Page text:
I find the impetus behind the question (“what would you have done?”) much more interesting than the answers.  I don’t understand why it’s being asked because no one here can give any semblance of a satisfactory answer.  We simply do not know enough about any of the dynamics involved to speculate as to why everything went down as it did with regards to the kids role in the situation, nor should we, really.  Everything I’ve seen phrases the kids involvement in the walkout as a positive.  He’s showing great character, doing the right thing, etc.  I think that’s one helluva leap.  It’s entirely possible that’s the case but I’ve seen nothing that really supports that any more than any other possibility.  It’s just as possible that the kid has some measure of blame- who knows what the dad has been hearing from the son, or how the locker room’s sentiment was conveyed.  The son is the owner’s ears on the inside, right?  And there are a ton of options in between.  It’s possible the son agrees with his father but felt pressured by his peers, teammates and friends and showed solidarity as a result of pressure, just as it is possible that he hates the coach’s guts but believed in doing what he saw as right.  That avoids the entire other ends of this which is the dynamics between father and son, as well as son and coach.

Ultimately, my experience in situations like this is that the apple doesn’t fall far from the tree.  When a parent is amoral, self involved and pompous, their children are frequently similarly morally deficient and entitled.  I don’t feel like a parent who would behave in such a manner is likely to have raised a kid who is acting like everyone wants to assume this kid is.  There’s so much more to the story than we know.  We know two things about the kid;  he’s not as good at hockey as his dad wants him to be, and he sided with his teammates.  That’s not a lot to lionize someone based on.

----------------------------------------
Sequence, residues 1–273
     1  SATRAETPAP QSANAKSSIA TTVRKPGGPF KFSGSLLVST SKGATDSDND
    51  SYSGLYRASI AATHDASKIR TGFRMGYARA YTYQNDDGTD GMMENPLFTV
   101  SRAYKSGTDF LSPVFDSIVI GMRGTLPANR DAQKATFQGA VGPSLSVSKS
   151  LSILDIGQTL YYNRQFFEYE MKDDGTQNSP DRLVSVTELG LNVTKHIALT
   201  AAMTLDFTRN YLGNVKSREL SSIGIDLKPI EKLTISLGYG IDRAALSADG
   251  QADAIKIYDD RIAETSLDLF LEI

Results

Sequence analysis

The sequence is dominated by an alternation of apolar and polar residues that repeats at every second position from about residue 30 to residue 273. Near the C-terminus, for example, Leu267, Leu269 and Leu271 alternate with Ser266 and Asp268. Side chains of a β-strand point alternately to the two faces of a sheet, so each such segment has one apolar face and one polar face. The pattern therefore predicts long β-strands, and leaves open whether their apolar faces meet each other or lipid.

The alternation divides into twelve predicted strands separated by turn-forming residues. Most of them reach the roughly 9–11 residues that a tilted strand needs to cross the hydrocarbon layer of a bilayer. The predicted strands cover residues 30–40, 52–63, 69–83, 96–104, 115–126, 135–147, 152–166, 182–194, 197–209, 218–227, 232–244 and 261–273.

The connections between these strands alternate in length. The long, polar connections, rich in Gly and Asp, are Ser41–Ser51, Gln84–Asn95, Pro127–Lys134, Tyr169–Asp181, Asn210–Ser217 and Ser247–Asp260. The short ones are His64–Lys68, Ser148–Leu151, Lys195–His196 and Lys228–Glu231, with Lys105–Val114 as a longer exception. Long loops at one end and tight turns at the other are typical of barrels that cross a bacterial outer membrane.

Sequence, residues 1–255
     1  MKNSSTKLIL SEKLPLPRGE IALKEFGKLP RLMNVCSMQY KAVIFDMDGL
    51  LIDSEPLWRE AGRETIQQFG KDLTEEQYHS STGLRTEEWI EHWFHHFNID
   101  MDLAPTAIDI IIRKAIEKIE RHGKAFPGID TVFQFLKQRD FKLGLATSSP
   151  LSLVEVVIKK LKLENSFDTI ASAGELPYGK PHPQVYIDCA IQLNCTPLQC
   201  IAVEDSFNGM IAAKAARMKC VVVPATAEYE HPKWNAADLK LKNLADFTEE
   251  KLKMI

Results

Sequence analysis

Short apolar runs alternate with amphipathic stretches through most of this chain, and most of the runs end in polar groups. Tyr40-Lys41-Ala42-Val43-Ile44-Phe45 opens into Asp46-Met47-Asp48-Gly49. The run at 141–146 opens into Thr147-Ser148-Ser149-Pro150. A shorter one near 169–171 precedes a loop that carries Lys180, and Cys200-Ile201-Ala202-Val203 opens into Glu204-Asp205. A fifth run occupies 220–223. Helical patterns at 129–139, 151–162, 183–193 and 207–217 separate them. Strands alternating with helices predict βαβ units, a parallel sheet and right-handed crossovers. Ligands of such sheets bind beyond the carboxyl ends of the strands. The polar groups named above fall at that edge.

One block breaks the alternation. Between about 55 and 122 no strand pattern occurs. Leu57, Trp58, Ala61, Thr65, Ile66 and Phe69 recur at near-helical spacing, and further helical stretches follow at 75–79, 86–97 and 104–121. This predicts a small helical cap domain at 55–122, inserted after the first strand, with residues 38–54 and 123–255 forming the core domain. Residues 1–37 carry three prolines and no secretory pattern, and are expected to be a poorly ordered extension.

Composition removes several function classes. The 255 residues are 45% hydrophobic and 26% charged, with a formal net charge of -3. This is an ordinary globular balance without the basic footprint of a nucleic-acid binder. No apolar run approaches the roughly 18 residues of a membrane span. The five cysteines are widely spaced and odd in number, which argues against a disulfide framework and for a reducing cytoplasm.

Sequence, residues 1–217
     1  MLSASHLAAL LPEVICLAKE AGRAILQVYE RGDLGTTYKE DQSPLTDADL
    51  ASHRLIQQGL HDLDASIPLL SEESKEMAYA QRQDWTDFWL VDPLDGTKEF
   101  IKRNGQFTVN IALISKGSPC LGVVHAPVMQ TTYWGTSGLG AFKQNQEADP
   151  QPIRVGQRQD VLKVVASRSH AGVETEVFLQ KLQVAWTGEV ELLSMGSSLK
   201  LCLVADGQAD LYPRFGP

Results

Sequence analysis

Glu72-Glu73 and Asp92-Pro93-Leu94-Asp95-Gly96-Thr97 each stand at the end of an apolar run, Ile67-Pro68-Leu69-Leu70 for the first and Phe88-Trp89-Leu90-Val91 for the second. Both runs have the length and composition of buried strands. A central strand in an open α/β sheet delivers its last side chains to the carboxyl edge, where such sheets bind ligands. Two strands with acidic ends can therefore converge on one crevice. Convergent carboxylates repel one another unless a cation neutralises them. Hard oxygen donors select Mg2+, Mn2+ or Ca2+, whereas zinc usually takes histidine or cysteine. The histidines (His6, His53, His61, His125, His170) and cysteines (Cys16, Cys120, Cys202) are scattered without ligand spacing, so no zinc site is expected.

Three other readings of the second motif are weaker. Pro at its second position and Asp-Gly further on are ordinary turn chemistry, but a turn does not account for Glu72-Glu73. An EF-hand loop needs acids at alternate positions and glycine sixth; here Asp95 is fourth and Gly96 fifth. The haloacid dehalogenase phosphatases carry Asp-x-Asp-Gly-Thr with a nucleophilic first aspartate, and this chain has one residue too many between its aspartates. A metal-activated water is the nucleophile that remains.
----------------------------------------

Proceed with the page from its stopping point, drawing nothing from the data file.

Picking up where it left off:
So with all that said; I’m more interested in why anyone is concerned with how others would react.  It seems like the only answers we could possibly give are much more rooted in our own family relations and our flawed interpretations of the situation than they ever could be even tangentially related to this actual issue.

Posted by shanetx from Floydada, Texas on 11/09/15 at 10:08 PM ET

calquake's avatar

I would tell everyone I was adopted. cheese

Posted by calquake from a.k.a. Uniquake, workin' on my manifesto on 11/09/15 at 11:34 PM ET

KelseyAnn's avatar

Growing up playing travel ice hockey (AA or AAA depending on year/team) I can attest firsthand that nepotism and politics in youth sports is alive and well. With teams that don’t have “owners” per se because they belong to an association, you’ll more frequently see a parent involved in the association or as a coach, but the same sort of dynamic as owner father/player son is still there.